When the situation and working conditions struggle to find the right model

Tuesday, January 11, 16-year-old bike delivery worker Deliveroo died in Lille, after being crushed by a truck. The teenager was underage to officially work for this company. A tragic accident once again highlights the difficult working conditions of these new workers working on delivery platforms.

In France, they will be, like him, between 55,000 VTC drivers and 60,000 cyclists. And above all, their number is constantly growing: with the spread of the epidemic, the home delivery service has experienced an amazing growth. According to a Crédoc study in May 2020, 20% of French people receive meals delivered to their homes, and it even reaches 35% in Paris and in major cities. And for Pascal Hebel, Director of Consumer and Business at Crédoc, “There can be no going back, the movement has begun and will continue to consolidate.”

Meal delivery: the new obsession for French urbanites

Despite the instability, the desire to remain independent

Despite the increased demand, the methods of practicing this profession are still fraught with dangers. “It’s the modern astrologer.”, summarizes Jonathan Cadot, an attorney specializing in labor law at Lepany & Associés, who knows the sector well. Extended working hours, low wages, lack of recognition, and risk of accidents: this is the common thing for these unpaid but self-employed workers of the 21st century. They connect to online platforms that provide them with a task to complete, and get paid for that delivery, when a reward is paid on the platform for the passage.

For Fabian Tosolini, project manager at Independent Union, a CFDT affiliate that advocates for these assets, drivers and conductors have no other solution than to agree to the sequence of hours: “Which is not without causing safety problems for them, but also for travelers or for the goods they transport”. And for good reason, we often stray from the 48-hour week limit for employees, which is dictated by European law. We often come close to doubling that.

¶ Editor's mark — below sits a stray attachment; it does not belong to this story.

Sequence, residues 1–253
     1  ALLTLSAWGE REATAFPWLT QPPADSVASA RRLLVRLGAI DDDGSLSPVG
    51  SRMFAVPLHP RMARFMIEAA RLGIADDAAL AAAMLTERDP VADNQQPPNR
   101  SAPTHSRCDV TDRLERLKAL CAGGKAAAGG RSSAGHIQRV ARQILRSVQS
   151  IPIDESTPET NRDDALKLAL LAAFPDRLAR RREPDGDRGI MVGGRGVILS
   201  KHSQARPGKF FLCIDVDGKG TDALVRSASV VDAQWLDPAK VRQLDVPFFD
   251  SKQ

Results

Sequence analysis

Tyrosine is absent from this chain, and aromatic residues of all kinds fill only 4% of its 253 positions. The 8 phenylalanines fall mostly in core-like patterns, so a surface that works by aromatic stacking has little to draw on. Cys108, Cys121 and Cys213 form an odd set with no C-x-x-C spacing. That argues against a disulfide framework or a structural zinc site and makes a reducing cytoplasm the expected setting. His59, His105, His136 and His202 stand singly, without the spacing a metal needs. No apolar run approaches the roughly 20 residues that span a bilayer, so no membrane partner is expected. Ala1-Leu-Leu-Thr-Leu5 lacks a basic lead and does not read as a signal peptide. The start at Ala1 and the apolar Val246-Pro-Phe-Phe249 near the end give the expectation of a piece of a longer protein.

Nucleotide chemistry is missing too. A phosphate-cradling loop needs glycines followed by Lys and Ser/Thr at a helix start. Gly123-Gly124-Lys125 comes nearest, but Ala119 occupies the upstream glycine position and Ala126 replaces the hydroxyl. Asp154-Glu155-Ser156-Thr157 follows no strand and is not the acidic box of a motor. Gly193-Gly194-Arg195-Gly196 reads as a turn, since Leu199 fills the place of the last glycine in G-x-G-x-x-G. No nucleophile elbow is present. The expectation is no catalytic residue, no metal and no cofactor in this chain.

However, many delivery workers refuse to switch to paid work, which is a more protective situation. Like Tarek, 30, a delivery man in Marseille, who absolutely wants to remain independent and work on several platforms, such as Uber Eats, or Delivroo:

“I like the relationship with the client, but above all the freedom of this profession. I choose when to work, when to call, if I am an employee this will not be possible.”

Tariq made his calculations: he could earn daily, between 80 and 130 euros, with time slots interspersed between 11 am and 2 pm, and then in the evening, between 7 pm and 10 pm. And very bad, if he travels 150-250 kilometers per day on two wheels. After three years of practice, Tariq is campaigning for better working conditions, such as minimum income for peak hours, or even bonuses when the weather is tough…

“It may not be all perfect, but we must not forget the improvements we have made in so short a time”defends Bastien Pahus, General Manager, at Ubert East, one of the leaders in the sector.

For example, by simply registering on the platform, delivery employees since 2017 have benefited from AXA Insurance, which covers their medical expenses in the event of an accident, but also compensates them in the event of a layoff or injury. The American giant also insists on prevention and awareness measures that are implemented in the face of accidents: training, partial coverage of equipment, specific helmets or jackets …